Their qualifications are seen in 1Tim 3.1-6 and Titus 1.7-9. These “qualifications” are better understood as character rather than positional qualities. Read over these prayerfully and humbly. There have been enough teachings on these character qualities to fill a library (for the young people reading, that’s a building that used to house a bunch of books… pre-internet) on this topic. Beware of the two extremes of Liberalism (anything goes and the qualifications don’t matter) to Legalism (a rigid interpretation of the guidelines without a firm reliance upon God and His grace).
Pitfalls To Avoid
Avoid the following tendencies to make a smoother transition of a new pastor and his family.
1. Comparisons. While this is a natural human tendency, you should avoid comparing the “new” pastor to a “previous” pastor. No two pastors are wired the same and each one has their own unique gifts and passions that reflect God’s design and their sanctification (growth).
2. Tests. I’ve heard of folks “testing” or examining the new pastor in unrealistic (and I believe un-biblical) ways, such as seeing how long it takes to remember your name or your child’s position on the soccer team.
3. Expectations. Expectations can be a great thing, and I believe we all should “expect” God to me and for us to grow. However, unreasonable expectations can be harmful and reveal a wrong focus in us. Don’t “expect” the new pastor to “fix” all the things you (in your humble wisdom) have identified as the problems. Many times these personal opinions uncover more about the individual than the prospective pastor! No church is perfect because people make her up… and we’re all broken and shattered under the effects of sin.
4. Politickin’. I know it’s not great grammar, but I think you get the point – don’t try to “get on the inside” with a new pastor solely for the purposes of advancing your agenda. Church life is above the community as a whole functioning to reflect the character and attributes of God to a dying planet… not to make you happy or meet your every need. You should take the initiative to truly befriend your new pastor, but not with selfish motives.
A pastor, then, must be passionately in love with, and committed to Christ! His heart for the Lord should be seen in his proven track record (not a novice). You should see “fruit” of his labor that has been accomplished through the power of the Holy Spirit. If he’s married, his wife should be in support of his role and calling and should seek to bring honor to the Lord in her own life. His children should be respectful to him, and being raised in the nurture and admonition of the Lord.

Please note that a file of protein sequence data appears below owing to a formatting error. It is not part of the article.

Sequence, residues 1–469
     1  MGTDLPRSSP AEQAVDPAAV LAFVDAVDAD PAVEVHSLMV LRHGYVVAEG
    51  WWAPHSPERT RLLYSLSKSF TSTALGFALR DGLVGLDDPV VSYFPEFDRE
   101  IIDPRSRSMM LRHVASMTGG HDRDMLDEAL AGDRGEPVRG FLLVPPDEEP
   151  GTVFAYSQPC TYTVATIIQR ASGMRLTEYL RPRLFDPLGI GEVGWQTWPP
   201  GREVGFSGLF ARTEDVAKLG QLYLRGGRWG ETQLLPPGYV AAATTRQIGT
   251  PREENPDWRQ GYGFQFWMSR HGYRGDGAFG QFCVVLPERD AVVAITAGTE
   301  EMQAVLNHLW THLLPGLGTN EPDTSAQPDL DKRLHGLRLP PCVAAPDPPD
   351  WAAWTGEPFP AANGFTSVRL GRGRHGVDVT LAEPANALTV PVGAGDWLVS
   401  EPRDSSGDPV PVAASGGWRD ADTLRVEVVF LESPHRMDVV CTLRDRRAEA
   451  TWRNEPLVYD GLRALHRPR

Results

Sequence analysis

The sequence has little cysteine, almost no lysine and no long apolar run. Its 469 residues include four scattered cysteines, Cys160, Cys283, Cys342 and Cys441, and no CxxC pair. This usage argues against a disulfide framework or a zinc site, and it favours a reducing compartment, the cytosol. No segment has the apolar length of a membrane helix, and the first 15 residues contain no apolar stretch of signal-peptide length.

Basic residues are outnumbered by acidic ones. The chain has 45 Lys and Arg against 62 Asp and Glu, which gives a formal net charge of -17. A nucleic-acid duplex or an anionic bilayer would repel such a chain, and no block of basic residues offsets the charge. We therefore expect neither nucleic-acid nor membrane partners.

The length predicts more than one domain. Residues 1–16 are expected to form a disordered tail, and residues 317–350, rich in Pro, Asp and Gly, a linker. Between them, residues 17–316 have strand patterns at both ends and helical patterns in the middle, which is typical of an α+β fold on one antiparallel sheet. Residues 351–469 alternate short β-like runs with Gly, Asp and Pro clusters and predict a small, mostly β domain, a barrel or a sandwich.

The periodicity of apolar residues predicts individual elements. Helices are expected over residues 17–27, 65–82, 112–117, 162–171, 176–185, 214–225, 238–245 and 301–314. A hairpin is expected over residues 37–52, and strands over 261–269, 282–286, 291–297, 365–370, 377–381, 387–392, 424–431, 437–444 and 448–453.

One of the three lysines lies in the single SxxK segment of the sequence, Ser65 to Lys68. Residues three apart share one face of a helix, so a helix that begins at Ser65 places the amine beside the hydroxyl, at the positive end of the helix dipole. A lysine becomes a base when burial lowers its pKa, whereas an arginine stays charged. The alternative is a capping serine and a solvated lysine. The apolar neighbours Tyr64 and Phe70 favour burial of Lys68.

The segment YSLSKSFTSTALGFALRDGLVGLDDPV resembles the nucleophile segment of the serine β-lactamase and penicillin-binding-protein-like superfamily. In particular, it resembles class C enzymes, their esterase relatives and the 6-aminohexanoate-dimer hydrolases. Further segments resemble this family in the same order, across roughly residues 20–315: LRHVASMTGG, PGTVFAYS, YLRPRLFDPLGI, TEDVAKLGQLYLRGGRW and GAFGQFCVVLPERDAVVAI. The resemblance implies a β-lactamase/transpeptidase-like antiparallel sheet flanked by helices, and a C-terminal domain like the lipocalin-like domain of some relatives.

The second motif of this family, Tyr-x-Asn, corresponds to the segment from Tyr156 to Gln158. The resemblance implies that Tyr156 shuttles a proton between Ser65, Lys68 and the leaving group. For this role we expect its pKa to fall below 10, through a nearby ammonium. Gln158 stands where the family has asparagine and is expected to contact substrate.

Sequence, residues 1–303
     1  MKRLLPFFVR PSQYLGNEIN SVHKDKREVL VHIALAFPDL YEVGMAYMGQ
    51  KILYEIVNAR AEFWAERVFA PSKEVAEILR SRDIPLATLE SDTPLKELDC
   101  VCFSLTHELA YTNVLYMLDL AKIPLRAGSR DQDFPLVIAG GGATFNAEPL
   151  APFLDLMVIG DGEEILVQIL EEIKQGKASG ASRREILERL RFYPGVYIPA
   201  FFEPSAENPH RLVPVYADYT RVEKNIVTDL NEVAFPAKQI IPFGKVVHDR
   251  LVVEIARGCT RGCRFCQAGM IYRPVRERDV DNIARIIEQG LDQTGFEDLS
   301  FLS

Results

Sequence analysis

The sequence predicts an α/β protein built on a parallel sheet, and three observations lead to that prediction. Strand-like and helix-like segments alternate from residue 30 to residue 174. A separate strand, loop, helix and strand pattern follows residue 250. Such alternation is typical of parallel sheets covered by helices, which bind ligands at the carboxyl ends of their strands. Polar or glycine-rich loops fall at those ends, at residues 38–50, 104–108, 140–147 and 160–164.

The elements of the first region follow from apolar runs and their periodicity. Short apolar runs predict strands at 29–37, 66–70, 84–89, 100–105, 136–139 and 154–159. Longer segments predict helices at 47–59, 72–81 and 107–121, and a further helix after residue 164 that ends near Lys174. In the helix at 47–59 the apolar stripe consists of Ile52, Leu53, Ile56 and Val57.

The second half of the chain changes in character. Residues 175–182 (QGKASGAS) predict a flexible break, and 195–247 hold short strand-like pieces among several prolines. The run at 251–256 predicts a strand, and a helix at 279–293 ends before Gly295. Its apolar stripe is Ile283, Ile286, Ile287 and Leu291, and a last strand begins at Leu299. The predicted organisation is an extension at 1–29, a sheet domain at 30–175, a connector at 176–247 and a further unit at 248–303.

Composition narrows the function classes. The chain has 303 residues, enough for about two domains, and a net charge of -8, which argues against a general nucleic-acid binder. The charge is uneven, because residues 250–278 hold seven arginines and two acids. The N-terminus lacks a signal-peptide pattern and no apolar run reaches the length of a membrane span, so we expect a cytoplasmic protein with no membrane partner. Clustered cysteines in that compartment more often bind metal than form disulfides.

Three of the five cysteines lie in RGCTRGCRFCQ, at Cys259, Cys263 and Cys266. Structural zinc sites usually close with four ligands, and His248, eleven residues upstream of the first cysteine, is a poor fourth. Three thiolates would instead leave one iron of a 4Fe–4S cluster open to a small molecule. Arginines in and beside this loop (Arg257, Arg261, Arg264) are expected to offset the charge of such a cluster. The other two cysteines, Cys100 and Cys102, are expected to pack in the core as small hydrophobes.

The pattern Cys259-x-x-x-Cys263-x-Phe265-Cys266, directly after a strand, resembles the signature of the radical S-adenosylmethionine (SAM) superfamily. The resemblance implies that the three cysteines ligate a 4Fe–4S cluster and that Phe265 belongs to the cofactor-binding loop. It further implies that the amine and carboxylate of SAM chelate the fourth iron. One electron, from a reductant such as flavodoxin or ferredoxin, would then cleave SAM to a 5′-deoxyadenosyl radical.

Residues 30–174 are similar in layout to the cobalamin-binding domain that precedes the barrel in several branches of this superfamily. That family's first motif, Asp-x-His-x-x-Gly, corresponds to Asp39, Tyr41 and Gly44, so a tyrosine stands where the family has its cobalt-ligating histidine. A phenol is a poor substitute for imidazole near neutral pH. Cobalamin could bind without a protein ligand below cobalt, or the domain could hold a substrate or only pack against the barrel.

This is probably a good place for a note on the pastor’s family… all the pitfalls listed above apply to them, too. Just like I’ve never seen a “perfect” pastor, there is no perfect wife or perfect children. The work of the pastor exposes the family to great examination and potential pain. You must be gracious, humble, and loving in your approach of and interaction with the pastor’s family! I’ve seen Satan use church folks to attack a pastor’s family and bring great harm to the body of Christ. Just as Scripture commands, we’re to be watchful of the tactics of the enemy and fight against them at every turn.
The pastor’s main responsibility is to His Lord, and to continually nurture his relationship with the Lord. His next priority is to his family, to which he should serve as a priest in his home, presenting Christ in all His glory for his family to see!
So if you find yourself or your church looking for a pastor, please read over this article prayerfully and lean heavily upon the leadership of the Holy Spirit. Continually check your attitude to ensure you remain humble and flexible. And most of all, love on the Lord and each other more strongly than at any other time in your life. You will need the Lord, and you’ll need each other. Don’t try to “get your way” or “impose your will,” but rather sacrificially seek out the best for others! This is an exciting time for you and your church… embrace it and expect God to do amazing things!